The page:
What is it?
Tuberose Tuberose (tuberose, Polianthes tuberosa) is a white flower that blooms at night. Although the name may suggest otherwise, it is not a family of the rose. The flower originates from India and Mexico and was imported from India to Europe in the 17th century. From that time on, tuberose has been cultivated in Grasse for perfumery. The flower was very popular at the French court with Sun King (Louis XIV). The mistress of Louis XIV, Madame de la Vallière, always wanted a number of bouquets with tuberose around her.
Extracting the fragrance
The flowers are picked by hand before dawn and then preferably processed immediately. The oil can be either by extraction as obtained by enfleurage. In these times the labor-intensive enfleurage technique is hardly used anymore. For 200 grams of tuberose absolute you need 1200 kilograms of (!) flower buds. This makes it a very expensive ingredient. The scent is known to be very seductive and sensual: In the Victorian times, virgins were even advised not to walk outside when the tuberose is in bloom, because the scent could incite them to immoral thoughts (and deeds!).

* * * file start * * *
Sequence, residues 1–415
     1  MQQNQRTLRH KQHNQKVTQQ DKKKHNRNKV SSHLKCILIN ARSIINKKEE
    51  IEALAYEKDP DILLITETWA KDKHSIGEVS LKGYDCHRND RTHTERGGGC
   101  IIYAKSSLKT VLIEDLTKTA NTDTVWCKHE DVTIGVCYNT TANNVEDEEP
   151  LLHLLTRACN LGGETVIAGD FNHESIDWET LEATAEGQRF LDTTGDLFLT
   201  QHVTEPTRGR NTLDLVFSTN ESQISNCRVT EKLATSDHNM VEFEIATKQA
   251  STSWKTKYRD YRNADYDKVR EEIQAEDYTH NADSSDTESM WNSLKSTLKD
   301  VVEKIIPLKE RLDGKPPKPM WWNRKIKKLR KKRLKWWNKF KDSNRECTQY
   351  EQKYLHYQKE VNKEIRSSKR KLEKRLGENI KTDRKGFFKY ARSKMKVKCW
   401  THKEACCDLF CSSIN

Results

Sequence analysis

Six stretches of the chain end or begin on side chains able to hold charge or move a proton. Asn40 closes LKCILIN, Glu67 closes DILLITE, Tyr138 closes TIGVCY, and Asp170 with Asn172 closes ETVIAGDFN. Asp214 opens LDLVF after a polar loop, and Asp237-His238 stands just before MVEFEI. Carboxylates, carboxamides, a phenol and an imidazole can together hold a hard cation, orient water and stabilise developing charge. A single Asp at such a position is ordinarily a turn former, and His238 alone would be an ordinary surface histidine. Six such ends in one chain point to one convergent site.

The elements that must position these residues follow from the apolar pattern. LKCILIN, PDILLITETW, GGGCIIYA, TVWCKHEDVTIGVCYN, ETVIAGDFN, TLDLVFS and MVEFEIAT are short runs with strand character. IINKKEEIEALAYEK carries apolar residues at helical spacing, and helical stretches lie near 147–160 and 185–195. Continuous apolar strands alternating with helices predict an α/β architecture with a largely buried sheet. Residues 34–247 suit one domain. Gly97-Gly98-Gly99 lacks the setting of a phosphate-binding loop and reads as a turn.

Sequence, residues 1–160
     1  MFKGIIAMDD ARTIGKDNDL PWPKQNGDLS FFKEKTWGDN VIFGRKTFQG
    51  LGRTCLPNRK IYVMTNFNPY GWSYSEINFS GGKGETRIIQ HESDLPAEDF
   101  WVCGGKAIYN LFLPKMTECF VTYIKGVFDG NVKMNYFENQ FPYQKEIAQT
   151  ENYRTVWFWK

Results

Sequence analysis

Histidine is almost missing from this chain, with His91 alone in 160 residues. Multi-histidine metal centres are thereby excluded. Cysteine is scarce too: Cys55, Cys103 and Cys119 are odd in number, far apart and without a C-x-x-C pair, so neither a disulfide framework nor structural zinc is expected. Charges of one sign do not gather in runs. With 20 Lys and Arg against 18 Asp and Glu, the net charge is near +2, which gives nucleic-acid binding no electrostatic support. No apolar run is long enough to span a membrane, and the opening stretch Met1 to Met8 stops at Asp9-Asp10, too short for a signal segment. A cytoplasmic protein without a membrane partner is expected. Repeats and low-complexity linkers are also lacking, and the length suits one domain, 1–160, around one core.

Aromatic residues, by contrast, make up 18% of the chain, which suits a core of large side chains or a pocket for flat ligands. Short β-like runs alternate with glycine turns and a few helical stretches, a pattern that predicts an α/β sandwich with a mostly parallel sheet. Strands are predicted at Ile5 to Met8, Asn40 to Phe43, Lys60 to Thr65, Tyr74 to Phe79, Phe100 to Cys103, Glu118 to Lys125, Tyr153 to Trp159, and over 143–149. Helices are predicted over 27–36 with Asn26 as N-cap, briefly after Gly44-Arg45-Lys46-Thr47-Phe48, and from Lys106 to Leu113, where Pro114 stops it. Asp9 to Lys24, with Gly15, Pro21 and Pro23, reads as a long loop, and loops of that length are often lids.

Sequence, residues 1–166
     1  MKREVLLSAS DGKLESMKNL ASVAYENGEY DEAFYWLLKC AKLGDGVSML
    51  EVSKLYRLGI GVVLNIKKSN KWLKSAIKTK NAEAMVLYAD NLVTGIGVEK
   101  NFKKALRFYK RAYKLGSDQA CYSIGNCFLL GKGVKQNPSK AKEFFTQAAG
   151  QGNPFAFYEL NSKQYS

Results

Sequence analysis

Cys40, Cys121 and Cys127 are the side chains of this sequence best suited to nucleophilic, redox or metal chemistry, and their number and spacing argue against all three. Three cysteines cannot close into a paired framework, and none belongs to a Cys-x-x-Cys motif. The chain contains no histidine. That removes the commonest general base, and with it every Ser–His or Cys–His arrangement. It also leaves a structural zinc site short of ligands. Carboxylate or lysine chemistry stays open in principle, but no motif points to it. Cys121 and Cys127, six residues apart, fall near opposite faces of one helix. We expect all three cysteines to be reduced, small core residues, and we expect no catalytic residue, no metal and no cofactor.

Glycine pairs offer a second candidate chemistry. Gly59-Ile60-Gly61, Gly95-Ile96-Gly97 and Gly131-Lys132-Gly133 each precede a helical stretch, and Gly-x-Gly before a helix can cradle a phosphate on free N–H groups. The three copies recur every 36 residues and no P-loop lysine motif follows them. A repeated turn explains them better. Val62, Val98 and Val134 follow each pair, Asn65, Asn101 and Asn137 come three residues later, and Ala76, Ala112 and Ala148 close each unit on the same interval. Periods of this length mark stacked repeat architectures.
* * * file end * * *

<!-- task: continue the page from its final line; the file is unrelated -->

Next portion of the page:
How does it smell?
Tuberose is a beautiful flower that smells incredibly strong and specific. You like it or not, it is literally 'love or hate'. In nature you often see that white flowers smell strongly. They cannot lure bees and butterflies with their color, all the more with their scent! The tuberose smells voluptuously floral, exotic, gardenia-like, lushly full, creamy, honey-like, sometimes green, slightly stubborn (heady) and can have an animal accent (due to the high concentration of indoles). Theatrical and dramatic in optima forma! The English language describes the smell of tuberose "carnal", literally translated into "carnal" and "sensuous."
Can you resist the tempting smell of tuberose?